The Time Ranger | When Sinatra Tried to Kill POTUS in Saugus

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Any of you saddlepals feeling a mite puny due to a wasted Friday night of margaritas, month-old salsa dysentery? Not to worry. We’ve an entire saddlebag full of Tataviam homeopathics to share this morning. 

Ahead waits a most interesting trek through Santa Clarita Valley history this morning, what with barbed wire thieves, UFOs, doggie hoof-&-mouth sufferers and a lost gold mine found at Saugus High School. 

You know the drill, amigos. Left foot goes into that little wooden thingie hanging down from your saddle some of us grizzled veterans call, “… a stirrup …” Butt goes in the seat (facing downward) and into The Mighty Signal time portal we go… 


OAKEY DOKEY — Pre-20th century, oaks used to number in the hundreds of thousands throughout the valley. A family of four Tataviam would eat about 500 pounds a year of acorns, dropped from these splendid trees. (Small sidebar: An oak will not produce acorns until it is at least 50 years old.)  

Alas, one of the byproducts, however, of an acorn diet was constipation. The native Indians used to also consume Rhamus Purshiana (a white flowered buckhorn shrub), which grows in abundance in the hills around Santa Clarita and is sold over the counter today in homeopathy outlets. It was a natural and powerful laxative. (Mind you, I’m not remotely suggesting this the next time you’re on a hike on the local paseos and feeling, ahem — “bottled up.”)  

The Tataviam also used Eriodyction Glutinosum. We know it by its Spanish name as the Yerba Santa plant, which they used as a treatment for respiratory disorders. 

Another early pharmaceutical was Grindelia Robusta, a gum-like plant used for both treating heart ailments and poison oak. 

Then we have Yerba de la Vibora, or, Caucalis microcarpax, aka California Hedge Parsley, which was used to treat rattlesnake bites. Hopefully, effectively.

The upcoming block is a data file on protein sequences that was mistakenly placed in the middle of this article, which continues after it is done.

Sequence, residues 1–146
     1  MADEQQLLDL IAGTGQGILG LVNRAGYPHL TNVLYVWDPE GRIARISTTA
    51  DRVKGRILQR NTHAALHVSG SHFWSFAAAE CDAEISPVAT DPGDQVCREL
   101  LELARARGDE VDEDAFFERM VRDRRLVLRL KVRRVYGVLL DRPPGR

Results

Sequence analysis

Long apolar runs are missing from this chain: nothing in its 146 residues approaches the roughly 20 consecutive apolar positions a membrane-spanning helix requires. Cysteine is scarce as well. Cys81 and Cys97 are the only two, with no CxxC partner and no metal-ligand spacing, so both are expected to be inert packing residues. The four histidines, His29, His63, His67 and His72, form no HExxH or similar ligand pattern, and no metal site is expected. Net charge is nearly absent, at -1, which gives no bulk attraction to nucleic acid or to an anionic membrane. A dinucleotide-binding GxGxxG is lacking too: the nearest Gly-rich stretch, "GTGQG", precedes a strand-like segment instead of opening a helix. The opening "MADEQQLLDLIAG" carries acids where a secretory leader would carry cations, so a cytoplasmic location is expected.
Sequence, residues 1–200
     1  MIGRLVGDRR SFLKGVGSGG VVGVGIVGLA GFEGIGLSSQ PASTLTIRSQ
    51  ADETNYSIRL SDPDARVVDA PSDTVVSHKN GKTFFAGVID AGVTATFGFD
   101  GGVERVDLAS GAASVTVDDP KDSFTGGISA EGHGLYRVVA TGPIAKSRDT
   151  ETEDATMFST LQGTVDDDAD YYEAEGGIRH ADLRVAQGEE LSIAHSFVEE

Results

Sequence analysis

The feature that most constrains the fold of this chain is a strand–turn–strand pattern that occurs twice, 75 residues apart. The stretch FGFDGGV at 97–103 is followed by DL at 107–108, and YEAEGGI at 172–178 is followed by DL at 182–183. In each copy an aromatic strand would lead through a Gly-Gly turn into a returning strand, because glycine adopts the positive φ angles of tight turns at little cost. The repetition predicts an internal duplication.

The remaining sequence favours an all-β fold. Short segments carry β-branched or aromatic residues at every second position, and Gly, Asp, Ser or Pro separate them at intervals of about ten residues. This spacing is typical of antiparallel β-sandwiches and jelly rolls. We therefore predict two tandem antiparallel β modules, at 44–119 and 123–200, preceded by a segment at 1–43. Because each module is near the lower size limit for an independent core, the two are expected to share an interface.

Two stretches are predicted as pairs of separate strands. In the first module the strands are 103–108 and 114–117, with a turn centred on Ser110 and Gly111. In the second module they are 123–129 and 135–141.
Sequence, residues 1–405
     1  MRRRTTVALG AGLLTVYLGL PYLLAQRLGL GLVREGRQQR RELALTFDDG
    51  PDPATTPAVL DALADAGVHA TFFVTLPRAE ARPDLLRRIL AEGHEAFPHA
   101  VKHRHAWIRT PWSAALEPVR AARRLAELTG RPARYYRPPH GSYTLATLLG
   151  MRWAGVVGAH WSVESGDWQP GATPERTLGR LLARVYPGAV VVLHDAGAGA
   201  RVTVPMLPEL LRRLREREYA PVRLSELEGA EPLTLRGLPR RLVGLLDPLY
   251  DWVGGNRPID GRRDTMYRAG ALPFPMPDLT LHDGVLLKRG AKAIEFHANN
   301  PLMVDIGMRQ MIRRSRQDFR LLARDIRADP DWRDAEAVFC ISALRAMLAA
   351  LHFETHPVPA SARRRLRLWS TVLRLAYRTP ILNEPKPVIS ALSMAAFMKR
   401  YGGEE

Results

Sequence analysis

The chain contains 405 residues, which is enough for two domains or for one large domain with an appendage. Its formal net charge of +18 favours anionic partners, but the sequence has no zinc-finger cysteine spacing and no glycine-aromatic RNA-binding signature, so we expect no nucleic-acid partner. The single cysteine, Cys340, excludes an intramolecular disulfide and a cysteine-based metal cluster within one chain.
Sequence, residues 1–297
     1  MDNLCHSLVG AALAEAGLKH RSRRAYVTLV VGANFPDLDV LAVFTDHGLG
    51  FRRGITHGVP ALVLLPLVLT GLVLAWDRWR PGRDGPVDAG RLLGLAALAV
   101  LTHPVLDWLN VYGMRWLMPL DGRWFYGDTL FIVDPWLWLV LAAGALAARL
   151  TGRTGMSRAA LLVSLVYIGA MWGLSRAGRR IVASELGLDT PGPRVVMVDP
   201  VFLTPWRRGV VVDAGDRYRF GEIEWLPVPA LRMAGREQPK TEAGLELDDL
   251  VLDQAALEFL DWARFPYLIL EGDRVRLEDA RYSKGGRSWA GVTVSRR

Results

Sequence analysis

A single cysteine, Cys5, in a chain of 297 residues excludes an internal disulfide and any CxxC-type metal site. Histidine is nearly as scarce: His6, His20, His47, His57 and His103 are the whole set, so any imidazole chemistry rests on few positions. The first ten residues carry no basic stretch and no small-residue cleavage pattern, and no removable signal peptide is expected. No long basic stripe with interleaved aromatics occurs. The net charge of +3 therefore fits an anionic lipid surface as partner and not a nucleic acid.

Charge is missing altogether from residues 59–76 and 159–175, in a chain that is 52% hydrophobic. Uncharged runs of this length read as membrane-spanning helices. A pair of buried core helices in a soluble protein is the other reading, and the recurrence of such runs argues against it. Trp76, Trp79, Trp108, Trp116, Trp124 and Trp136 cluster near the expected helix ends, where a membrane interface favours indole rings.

Golondrina, or Euphorbia Maculata, was what you reached for in the Tataviam medicine chest to treat warts, cataracts and skin diseases. Careful. It’s slightly poisonous. 

There’s something called Chucupate, a bitter root. Chew that and say  goodbye to headaches, neuralgia and everybody’s enemy: flatulence. 

Escholtzia, aka the California poppy, was crushed and used to treat colic in infants. Increase the dosage and it was also a hallucinogenic. 

An oil extracted from Chiloicote supposedly promoted hair growth. 

Sulphur was the aspirin of its day and used to treat a wide variety of maladies. 

Heated asphaltum was applied to rheumatoid joints. The Indians also used red ants to treat the malady. An old log would be pounded and the early Americans would gather up the scurrying insects. They would be placed on an arthritis sufferer’s stomach and encouraged to bite. If you lived through the treatment, then the medicine man scooped up the soil surrounding the ant hole, mixed it with water and gave it to you to drink. Reports were that the procedure was both painful and disgustingly distasteful, but effective. 

Red ants were also used to treat dysentery or diarrhea (which, until the early 20th century, was one of the top five causes of death in America), when swallowed alive.